Chris Simcox and Carmen Mercer on the border at Naco, Arizona in 2006

   Last August Mercer herself came under a dubious spotlight when Arizona Attorney General Terry Goddard accused her of being part of a property tax scam. Goddard filed a lawsuit and obtained a restraining order to stop what he called a fraud that claimed homeowners’ properties in Arizona, California, and Nevada qualified for a “property tax reduction review.” The solicitation, which requested a $189 processing fee, was not affiliated with any government entity, according to Goddard who also noted that the appeals process for 2009 had already expired and there was no way the solicitation to make good on. Mercer owned the post office box included in the solicitation.

   Mercer turned over to U.S. Postal authorities more than 1000 responses she had received.

   In announcing the disbanding of the Minutemen this week, Mercer implied that citizen anger over the health care law might be taken out on illegal aliens caught crossing the Arizona desert by members of her group.

   “This has brought me to the conclusion that the anger may not be directed by every individual against their government; I realize people have HAD IT (her emphasis)!” She said the Minutemen could not continue under such a great risk of liability.

   Her two page e-mail alert concluded: “you know what to do – the rest is up to you.”




March 14, 2010


Filed under: Uncategorized — ycazso @ 10:40 pm

     The Arizona State Parks Board will shutter nine state parks on March 29, 2010 in an effort to save a projected $8.6-Million and help offset the state’s overall budget crunch. Among those slated for close-down are the historic Yuma Territorial Prison and the Tombstone Courthouse in Cochise County.

     Fortunately, through a series of fundraisers and private donations along with matching money from the Yuma Crossing Heritage Area, the old West icon in Yuma at least will remain open and operated locally.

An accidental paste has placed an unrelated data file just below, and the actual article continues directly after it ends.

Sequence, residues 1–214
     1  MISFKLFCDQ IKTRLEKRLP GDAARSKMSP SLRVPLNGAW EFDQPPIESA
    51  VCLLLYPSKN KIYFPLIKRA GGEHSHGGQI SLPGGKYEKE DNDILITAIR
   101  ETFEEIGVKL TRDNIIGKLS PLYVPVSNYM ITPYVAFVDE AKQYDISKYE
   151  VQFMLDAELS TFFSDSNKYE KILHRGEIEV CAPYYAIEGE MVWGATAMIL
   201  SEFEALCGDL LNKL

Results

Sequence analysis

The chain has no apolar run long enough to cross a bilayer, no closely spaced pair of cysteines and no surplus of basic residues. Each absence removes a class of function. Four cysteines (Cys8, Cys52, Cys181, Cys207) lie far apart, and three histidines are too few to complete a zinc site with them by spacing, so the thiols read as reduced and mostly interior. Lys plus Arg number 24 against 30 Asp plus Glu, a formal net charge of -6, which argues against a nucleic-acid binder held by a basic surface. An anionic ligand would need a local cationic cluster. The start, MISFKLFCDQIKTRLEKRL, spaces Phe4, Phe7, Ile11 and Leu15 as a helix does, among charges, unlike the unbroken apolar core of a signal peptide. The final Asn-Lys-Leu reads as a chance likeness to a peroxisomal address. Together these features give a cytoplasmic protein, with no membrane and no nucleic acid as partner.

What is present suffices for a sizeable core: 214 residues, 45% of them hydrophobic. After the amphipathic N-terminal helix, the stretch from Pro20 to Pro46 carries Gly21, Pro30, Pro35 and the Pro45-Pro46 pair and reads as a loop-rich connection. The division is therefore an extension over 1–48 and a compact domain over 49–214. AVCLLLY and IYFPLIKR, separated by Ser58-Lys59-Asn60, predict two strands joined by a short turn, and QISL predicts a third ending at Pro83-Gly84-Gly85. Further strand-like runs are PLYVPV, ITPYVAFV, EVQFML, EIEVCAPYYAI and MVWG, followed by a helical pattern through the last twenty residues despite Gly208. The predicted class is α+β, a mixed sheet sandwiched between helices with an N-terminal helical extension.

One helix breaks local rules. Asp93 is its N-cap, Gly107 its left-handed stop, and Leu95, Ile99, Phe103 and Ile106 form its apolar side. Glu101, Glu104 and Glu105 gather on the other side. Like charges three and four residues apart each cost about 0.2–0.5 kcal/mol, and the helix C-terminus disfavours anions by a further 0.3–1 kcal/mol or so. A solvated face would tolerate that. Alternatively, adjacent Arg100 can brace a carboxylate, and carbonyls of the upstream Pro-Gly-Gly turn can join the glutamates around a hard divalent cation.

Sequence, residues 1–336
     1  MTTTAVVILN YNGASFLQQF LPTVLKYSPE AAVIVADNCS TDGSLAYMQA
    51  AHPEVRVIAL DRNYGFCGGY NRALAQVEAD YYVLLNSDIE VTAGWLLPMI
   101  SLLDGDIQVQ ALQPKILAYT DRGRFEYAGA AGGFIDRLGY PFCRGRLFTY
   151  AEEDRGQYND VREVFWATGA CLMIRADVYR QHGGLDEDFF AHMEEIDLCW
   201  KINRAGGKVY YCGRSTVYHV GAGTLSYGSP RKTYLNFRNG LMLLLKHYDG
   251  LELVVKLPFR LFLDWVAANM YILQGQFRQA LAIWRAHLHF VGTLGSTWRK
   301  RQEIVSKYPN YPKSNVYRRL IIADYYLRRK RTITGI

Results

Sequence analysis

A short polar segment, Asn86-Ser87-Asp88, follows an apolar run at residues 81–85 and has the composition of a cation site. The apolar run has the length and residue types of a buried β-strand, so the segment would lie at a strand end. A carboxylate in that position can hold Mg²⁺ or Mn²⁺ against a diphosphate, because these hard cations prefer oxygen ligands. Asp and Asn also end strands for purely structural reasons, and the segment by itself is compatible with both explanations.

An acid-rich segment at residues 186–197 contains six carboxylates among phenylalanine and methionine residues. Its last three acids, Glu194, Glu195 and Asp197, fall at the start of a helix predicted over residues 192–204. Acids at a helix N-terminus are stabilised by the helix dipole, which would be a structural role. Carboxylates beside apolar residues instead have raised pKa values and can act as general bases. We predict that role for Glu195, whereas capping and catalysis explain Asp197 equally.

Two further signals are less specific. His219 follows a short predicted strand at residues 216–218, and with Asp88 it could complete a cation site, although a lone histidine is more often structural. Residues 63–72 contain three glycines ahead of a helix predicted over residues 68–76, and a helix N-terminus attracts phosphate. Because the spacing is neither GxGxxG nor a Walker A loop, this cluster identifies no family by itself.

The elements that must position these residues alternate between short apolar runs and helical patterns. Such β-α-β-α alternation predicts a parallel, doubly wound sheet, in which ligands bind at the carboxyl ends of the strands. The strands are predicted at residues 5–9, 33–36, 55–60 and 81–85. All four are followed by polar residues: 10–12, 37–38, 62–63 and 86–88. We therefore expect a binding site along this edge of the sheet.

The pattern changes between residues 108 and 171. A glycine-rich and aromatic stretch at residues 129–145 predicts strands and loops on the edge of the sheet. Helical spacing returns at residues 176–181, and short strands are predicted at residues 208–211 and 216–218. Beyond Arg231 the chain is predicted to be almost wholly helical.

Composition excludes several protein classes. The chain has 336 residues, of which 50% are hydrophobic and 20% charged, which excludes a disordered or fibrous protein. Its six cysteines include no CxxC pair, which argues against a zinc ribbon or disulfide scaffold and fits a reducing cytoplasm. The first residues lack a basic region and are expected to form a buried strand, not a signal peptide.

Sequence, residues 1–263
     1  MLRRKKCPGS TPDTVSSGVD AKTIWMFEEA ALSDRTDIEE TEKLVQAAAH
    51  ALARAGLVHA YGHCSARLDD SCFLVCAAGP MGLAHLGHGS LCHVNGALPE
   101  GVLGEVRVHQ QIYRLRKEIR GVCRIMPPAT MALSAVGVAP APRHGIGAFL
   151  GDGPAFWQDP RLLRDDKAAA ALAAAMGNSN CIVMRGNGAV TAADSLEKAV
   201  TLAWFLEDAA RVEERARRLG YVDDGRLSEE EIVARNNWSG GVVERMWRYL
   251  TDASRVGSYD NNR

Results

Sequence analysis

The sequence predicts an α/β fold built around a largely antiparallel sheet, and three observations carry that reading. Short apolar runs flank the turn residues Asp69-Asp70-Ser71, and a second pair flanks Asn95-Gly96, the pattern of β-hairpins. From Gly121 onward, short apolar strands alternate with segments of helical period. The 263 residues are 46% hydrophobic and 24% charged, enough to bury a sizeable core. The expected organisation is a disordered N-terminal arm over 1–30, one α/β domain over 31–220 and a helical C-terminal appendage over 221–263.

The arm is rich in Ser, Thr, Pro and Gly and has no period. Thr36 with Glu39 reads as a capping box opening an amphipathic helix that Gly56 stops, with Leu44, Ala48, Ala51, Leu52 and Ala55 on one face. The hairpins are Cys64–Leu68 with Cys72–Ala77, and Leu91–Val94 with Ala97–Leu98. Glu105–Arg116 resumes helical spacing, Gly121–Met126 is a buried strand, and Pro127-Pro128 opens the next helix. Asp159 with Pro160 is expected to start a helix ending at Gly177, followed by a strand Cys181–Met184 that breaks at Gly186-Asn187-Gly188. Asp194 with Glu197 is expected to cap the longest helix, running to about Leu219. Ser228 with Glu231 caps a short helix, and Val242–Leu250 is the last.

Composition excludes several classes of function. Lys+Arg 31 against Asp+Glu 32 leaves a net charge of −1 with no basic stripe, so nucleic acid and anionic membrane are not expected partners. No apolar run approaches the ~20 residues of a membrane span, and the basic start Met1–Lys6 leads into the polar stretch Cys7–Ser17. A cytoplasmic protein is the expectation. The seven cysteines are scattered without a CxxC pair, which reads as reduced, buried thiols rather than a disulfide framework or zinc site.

The very notion that such historic places that played pivotal roles in the country’s western development could be lost to future generations, inspired many of us to examine in detail some of characters whose misadventures led them to pass through the Tombstone Courthouse on their way to catch the fabled 3:10 train to Yuma from Tucson. There were many, of course, but there are a few whose dark side exploits warrant special attention.

     One of these was Buckskin Frank Leslie.

Frank Leslie (1848-1930)

     According to most historians, notably among them Dennis McLaughlin, Leslie dusted into Tombstone in the first part of 1880. You’d have to forgive the locals had they momentarily thought the ghost of  Buffalo Bill Cody had ridden into town (Cody had died in 1776).

     Frank had long, blonde hair and a wide, drooping mustache. He wore a jacket festooned with fringed buckskin, yellow-braided cavalry pants, and a wide-brimmed hat – an altogether splendid outfit to which a “fully laden twin-gun harness added a lethal touch.”

     Not much of Leslie’s life prior to his arrival in Tombstone is known.  Plenty of rumors were afoot at the time including the number of notches he had accumulated in a suggested backtrail of violence. The vast majority of these tales could neither be proved nor disproved.

Tombstone, Arizona 1880

He soon got a job tending bar at the Oriental Saloon, a favorite hangout for the likes of Wyatt Earp whose Marshal’s office was on the second floor. In his new job, Frank took a liking to a lass named Mary, with whom he shacked up. Trouble was that Mary was married to a certain Mike Killeen.